Home » A Wasted Life » A Town Called Whisper – Chapter Six

A Town Called Whisper – Chapter Six

Myrna Brown was a 42-year-old woman from Augusta, Georgia.  For years, she had worked at a local bar in the heart of downtown, called The Whisk-A-Go-Go.  It was a franchised branch of the original Whiskey A Go-Go club on Sunset Boulevard in Los Angeles, California.

Myrna could hold her own, looks and figure-wise, against any twenty-five year old around and not many people knew her true age.  She had seen many things and done and heard many more.

Since the Masters were held in Augusta every year, she had been privy to the lives of the rich and famous visitors and the even more rich and famous golfers. During the tournament and after the match of each day, those rich and famous folks would pour into the Club and a good time was had by all, especially Myrna.

She was not one to stand on ceremony when around these men.  Their celebrity didn’t elevate them to any sort of superman status but it did afford them a certain je ne sais quoi.

The year before, one of the most famous golfers of all time “strayed” and he paid for it.  After a night of drinking and carousing around, he passed out. Without a second thought, the “courtesan” promptly rolled him.

Everybody knew about it but it was kept out of the local and major newspapers and other outlets for the protection of his reputation and to prevent embarrassing his trusting and unsuspecting wife.  One newspaper, The National Enquirer did not bury it but that paper was considered to be nothing more than a trashy rag.

Nobody paid much attention to what was written about the incident…but I did.  The courtesan was interviewed with the promise of anonymity but through my aforementioned charm, I was able to acquire the name.  It was Myrna Brown.

Myrna must have known that the odds of her ever “consorting” with another golfer were going to be pretty slim.  According to one of her friends at the Whisk A Go-Go, she sold everything she owned and was headed to Las Vegas.  She was hoping to find a job in one of the casinos and knew that her profession was also legal there.  She knew at her age, competition would be stiff so within a week of her arrival, she had an appointment with a plastic surgeon to give her a brand new set of firm twins.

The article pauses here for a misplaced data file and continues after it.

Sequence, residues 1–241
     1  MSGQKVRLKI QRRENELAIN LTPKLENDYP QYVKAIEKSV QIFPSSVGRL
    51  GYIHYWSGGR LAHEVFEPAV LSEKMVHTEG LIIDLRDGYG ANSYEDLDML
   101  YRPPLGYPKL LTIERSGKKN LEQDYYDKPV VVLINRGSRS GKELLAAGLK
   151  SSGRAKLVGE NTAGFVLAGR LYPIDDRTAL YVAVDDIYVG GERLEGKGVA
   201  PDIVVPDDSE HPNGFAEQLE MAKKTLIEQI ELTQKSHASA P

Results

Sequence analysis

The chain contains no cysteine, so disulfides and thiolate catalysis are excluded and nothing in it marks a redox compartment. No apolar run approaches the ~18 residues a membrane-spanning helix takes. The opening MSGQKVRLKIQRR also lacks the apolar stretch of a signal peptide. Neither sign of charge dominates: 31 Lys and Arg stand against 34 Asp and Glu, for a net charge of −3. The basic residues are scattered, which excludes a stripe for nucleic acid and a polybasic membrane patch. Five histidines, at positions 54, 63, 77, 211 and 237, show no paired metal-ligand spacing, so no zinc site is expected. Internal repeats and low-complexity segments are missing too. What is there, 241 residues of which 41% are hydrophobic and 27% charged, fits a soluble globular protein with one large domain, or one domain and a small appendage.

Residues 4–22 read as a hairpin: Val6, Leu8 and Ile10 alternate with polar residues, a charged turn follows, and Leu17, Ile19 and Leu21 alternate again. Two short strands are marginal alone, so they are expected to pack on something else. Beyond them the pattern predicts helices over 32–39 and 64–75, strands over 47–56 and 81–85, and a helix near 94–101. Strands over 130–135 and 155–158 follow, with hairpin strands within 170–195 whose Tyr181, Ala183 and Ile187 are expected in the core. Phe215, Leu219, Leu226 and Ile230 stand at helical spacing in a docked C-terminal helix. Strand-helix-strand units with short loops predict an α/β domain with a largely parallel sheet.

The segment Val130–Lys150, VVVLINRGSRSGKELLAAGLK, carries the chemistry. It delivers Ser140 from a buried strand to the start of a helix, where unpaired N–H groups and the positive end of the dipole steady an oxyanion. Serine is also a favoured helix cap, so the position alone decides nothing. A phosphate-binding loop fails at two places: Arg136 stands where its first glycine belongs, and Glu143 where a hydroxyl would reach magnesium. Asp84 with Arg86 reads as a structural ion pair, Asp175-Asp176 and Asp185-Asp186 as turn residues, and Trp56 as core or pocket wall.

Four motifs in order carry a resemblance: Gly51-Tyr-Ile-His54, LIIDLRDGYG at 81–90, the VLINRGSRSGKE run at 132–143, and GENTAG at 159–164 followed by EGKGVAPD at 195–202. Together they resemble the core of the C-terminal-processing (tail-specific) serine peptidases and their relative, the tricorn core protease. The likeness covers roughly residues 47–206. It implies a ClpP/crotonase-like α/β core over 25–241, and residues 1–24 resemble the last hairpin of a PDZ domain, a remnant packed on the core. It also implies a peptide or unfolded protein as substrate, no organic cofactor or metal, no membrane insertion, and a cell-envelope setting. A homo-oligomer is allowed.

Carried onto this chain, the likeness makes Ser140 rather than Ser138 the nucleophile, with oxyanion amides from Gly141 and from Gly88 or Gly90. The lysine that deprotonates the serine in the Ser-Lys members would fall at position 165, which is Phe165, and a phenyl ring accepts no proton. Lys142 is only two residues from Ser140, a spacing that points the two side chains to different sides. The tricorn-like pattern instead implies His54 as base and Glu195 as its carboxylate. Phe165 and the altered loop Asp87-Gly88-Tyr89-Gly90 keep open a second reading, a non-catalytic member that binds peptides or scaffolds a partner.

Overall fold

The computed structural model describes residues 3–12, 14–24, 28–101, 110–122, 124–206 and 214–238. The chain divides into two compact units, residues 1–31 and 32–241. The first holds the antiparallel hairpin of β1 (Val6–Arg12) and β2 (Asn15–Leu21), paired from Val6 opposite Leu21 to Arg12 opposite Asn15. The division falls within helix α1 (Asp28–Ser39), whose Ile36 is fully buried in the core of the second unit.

Ms. Brown’s lifestyle may have been questionable, but was she on the plane for atonement?  Was she on the plane to pay for stealing from the golfer?  Reverend Smythe would say “vengeance is mine.  I will repay, says the Lord.”  If that is true and he was repaying Ms. Brown, when will the man she stole from pay his penance?  Where was the justice in this one-sided punishment?  She suffered a violent end and he lives to commit adultery another day.  How could this be fair?  Again, as Reverend Smythe would say, it was not for me to question the decisions of the all-knowing and all-powerful God.•


Chick Larson was a good-ole-boy from Asheville, North Carolina.  He had just celebrated his 75th birthday and was on his way to headline at the Las Vegas Sands Hotel.

For years, residents had enjoyed listening to Chick stand in the middle of Pritchard Park and tell his outlandish tales and gut-splitting humorous stories, including how to land a “real mountain wife” and how to “quietly” get rid of her, “if’n she weren’t no good at cookin’.”

Chick had driven a city bus in his early life but he liked to drink a bit and would sometimes doze off while waiting for passengers to board.  He was eventually fired, became homeless and instead of turning his anger outward, he developed a remarkable sense of humor.

He slept under a park bench unless it was raining or snowing.  In inclement weather, he would nestle inside the alcove in front of Gentry’s pharmacy. Chick always marveled at the over-sized mortar and pestle replica in the storefront window and when he was inebriated, it was even more fascinating.

Chicks’ lucky day came when a representative from the North Carolina Film Board, named Ben Sawyer was looking for local talent and caught one of his performances.  Through his connections with a pal in Las Vegas, he arranged for Chick to have a one-time shot at fame.  When Chicks’ age was questioned, Ben said “don’t let his age fool you.  He is hilarious.”

On Ben Sawyer’s word alone, Chick was signed as the opening act for Jerry Lewis and Dean Martin.

Chick had never been on an airplane nor had he ever owned a suit.  When the townsfolk heard the news, they all threw in and bought him a custom-made tuxedo that would have made any highfalutin movie star green with envy.

I smiled when I heard about the suit and the free shave and haircut the local barber gave him.  I imagined that’s what the good people from the town of Whisper would have done.
Chick was leaving nobody behind except the people of Asheville, who he had entertained all those years.  They, like I would be asking the same question.  Why?  What was the reasoning behind letting a man finally get his shot at stardom, only to have it taken away before he ever got the chance to shine?
I was not liking this God that Reverend Smythe defends so staunchly.



To be continued________________________

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